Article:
But then Sanders Associates, a newly created defense firm that is now part of BAE Systems, moved into one of the closed mills and helped restart the city's economy.[23][24] Sanders Associates also played a key role in the development of the home video game console market. Ralph H. Baer, an employee of Sanders, developed what would become the Magnavox Odyssey, the first commercial home video game system.[25] The arrival of Digital Equipment Corp., now part of Hewlett-Packard,[26] in the 1970s made the city part of the Boston-area high-tech corridor.[27][28]


Nashua River Dam in 2006

Nashua is in southeastern Hillsborough County at 42°45′04″N 71°28′51″W / 42.751038°N 71.480817°W / 42.751038; -71.480817 (42.751038, −71.480817).[29] It is bordered to the south by Middlesex County, Massachusetts.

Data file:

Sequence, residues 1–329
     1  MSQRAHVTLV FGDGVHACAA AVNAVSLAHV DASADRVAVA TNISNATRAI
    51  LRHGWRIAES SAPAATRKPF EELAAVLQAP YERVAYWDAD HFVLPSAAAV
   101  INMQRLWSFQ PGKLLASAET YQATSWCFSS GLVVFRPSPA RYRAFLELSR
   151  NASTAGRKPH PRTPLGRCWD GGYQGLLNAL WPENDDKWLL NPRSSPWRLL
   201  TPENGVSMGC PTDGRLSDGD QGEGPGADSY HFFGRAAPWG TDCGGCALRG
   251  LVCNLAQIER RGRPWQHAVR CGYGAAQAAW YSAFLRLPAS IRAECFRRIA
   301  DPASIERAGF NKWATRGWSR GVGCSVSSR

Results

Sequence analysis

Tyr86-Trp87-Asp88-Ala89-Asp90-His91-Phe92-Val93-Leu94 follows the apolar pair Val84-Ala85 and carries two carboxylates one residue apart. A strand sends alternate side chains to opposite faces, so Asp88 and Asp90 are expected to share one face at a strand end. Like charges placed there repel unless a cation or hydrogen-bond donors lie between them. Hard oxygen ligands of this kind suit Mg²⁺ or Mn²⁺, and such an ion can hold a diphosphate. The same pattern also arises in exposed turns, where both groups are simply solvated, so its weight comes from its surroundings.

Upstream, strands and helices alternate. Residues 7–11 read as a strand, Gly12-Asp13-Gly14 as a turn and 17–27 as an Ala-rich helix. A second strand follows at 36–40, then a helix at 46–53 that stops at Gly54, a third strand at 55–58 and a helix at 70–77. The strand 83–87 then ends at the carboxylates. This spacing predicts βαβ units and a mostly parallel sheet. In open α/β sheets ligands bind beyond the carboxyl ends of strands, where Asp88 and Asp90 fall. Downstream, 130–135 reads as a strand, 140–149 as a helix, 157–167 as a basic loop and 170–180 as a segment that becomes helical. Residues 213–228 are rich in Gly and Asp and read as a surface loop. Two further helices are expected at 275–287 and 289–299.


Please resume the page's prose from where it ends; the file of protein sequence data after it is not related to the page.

According to the United States Census Bureau, the city has a total area of 31.9 square miles (82.6 km2), of which 30.8 square miles (79.9 km2) is land and 1.0 square mile (2.7 km2) is water, comprising 3.25% of the city.[3] The eastern boundary of Nashua is formed by the Merrimack River, and the city is drained by the Nashua River and Salmon Brook, tributaries of the Merrimack. The Nashua River roughly bisects the city. Pennichuck Brook forms the city's northern boundary. The highest point in Nashua is Gilboa Hill in the southern part of the city, at 426 feet (130 m) above sea level.[30]

Adjacent municipalitiesEdit


Nashua has a four-season humid continental climate (Köppen Dfb), with long, cold, snowy winters, and very warm and somewhat humid summers; spring and autumn in between are relatively brief transitions. The monthly daily average temperature ranges from 22.7 °F (−5.2 °C) in January to 70.9 °F (21.6 °C) in July. On average, there are 9.4 days of 90 °F (32 °C)+ highs and 8.7 days of sub-0 °F (−18 °C) lows. Precipitation is well-spread throughout the year, though winter is the driest. Snowfall, the heaviest of which typically comes from nor'easters, averages around 55 inches (140 cm) per season, but can vary widely from year to year.